22 July 2018

Allen Hall (3)

"All the students hear mass together every day at five o' clock, after having first said the litanies for the Church and the conversion of our country. Every Sunday and on the greater feasts they confess and communicate, and almost all of them say the canonical hours every day. The priests celebrate daily. On the feasts of S Gregory, S Augustine, apostle of England, and S Thomas of Canterbury, martyr, we all meet together for high mass ..... and pray for the conversion of our country and the peace of the whole Church and of that place in which By God's providence we live in exile. We fast twice a week for the same intention, and we commend much to the Lord the cause of all who are in bondage or affliction for religion's sake."

This is Cardinal Allen's account of life in the Seminary he founded in Douai.

It occurs to me that it would be a becoming tribute to him if, from this 450th anniversary year onwards, the feasts of those three Saints were observed as he describes ...


Ben of the Bayou said...

Father H.,

Please forgive me this comment on this thread. Since it does not relate (and I have just remembered that you are not enabling comments), I understand if you will not print it. But, as it does relate very much to AL and to what chicanery we may see related to Humanae Vitae, as well as the Amazon thing and the Youth confab and the Family junta in Ireland, I offer it nonetheless.

It is a an observation from Bl J.H. Newman about 'liberalism' in his book "The Arians of the Fourth Century", as related by Father Ker in his excellent biography of the beatus. He writes (p. 48-49) that Newman insightfully and incisively points out that, in dogma, it will not do to search for 'comprehensive' statements that seek to reconcile what in principle is irreconcilable, for the sake of 'agreement' and 'concensus' and 'peaceableness'. Newman says, 'However plausible maybe the veil thus thrown over heterogeneous doctrines, the flimsy artifice is discomposed so soon as the principles beneath it are called upon to move and act.' And, further he says that this search for 'comprehensiveness' in official statements is harmful to the Church precisely because the resulting statements take a form 'so faintly precise and so decently ambiguous, as to embrace the greatest number of opinions possible, and [thus]to deprive religion, in consequence, of its austere and commanding aspect.' All of this, he explains, is in consequence of seeking a false peace through compromise, or as he says, to think that 'there are no two opinions so contrary to each other, but that some form of words may be found vague enough to comprehend them both.'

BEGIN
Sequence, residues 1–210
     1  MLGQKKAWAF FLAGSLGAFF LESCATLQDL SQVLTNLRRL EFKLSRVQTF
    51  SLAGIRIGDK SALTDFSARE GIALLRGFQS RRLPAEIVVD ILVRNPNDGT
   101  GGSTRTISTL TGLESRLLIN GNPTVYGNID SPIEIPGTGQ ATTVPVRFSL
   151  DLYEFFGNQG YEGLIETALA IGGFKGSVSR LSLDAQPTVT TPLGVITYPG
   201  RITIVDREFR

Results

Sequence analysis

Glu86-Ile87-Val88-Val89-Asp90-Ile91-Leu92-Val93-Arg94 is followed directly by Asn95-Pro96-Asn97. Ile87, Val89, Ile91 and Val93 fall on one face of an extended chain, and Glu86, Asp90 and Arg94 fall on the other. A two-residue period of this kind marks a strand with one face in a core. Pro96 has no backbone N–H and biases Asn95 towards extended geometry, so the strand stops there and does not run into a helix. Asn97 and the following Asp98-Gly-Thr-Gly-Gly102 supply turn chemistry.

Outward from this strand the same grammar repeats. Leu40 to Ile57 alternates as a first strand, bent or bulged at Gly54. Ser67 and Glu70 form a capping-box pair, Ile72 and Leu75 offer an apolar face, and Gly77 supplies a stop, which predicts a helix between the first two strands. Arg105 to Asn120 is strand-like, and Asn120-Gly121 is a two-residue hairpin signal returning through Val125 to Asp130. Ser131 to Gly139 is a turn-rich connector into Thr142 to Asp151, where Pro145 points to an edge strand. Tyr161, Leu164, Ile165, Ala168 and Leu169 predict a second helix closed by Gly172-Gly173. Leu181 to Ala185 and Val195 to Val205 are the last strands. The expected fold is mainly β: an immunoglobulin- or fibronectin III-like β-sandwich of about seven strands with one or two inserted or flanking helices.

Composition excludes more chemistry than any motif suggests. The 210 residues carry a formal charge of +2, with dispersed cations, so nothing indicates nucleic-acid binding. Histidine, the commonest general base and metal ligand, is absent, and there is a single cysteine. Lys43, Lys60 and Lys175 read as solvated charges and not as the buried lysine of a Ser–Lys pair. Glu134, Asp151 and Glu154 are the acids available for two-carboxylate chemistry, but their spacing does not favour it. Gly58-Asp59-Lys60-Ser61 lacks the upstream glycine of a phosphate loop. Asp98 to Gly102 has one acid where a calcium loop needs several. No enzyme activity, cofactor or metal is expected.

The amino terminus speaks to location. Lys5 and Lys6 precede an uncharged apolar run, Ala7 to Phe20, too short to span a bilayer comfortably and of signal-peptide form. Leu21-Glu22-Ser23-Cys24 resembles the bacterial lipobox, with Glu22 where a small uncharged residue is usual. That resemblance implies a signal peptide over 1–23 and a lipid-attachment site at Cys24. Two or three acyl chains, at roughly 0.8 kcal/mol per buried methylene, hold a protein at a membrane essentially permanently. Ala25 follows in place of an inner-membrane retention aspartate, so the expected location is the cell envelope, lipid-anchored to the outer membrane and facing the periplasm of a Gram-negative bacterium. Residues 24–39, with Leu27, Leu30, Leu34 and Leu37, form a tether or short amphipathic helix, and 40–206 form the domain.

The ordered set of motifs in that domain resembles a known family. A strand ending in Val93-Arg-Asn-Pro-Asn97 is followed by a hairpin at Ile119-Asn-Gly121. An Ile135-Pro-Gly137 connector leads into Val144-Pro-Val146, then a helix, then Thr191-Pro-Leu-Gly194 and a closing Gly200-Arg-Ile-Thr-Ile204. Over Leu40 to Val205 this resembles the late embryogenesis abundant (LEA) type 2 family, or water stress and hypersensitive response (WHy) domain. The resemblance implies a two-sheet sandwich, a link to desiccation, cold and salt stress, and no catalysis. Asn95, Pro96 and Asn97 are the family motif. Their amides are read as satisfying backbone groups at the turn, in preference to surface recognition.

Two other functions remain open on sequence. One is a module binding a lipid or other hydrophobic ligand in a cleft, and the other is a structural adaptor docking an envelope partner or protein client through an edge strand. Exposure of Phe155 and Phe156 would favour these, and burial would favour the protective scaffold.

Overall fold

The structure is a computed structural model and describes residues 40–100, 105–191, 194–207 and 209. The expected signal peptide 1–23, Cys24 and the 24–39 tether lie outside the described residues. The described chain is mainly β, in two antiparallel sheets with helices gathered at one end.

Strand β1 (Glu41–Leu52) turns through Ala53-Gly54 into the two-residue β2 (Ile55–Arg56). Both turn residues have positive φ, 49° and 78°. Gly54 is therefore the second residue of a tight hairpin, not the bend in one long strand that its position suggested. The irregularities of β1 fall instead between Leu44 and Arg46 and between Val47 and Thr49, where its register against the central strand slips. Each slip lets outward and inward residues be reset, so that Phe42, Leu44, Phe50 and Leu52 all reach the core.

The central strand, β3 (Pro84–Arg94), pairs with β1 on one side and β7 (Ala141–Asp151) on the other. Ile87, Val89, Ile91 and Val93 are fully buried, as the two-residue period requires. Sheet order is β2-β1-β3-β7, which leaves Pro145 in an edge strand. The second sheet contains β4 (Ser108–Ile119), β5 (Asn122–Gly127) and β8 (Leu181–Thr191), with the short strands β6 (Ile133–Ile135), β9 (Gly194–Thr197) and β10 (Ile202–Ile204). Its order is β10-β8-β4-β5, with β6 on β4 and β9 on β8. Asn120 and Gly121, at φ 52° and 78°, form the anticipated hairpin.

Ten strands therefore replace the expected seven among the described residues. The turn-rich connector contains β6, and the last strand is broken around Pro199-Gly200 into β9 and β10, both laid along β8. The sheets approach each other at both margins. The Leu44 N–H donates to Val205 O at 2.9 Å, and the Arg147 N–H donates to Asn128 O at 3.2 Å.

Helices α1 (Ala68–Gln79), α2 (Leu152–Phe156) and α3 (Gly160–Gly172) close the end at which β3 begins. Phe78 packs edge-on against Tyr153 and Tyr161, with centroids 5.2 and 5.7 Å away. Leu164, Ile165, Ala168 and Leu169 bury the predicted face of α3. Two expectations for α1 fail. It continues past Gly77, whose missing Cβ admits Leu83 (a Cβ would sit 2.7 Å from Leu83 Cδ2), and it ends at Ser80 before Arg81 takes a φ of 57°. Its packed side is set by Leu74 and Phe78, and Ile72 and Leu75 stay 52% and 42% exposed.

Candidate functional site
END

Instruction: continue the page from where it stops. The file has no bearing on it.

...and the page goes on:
This whole paragraph reminds me of the machinations behind the scenes of the two Synods and, frankly, of the wrangling that led to the imprecision of the 'pastoral' language that is quite in evidence in the documents of the Second Vatican Oecumenical Council. All quite disheartening to me.



MaryP said...

But one of the trusted leaders at Douai was a spy for Walsingham, and sent many to their deaths. Just because someone goes thru the motions and appearances doesnt mean he is trustworthy. Truer now than ever.

William M. Klimon said...

The fasting too.

Et Expecto said...

He is, of course, speaking of 5 o'clock in the morning, and not the evening.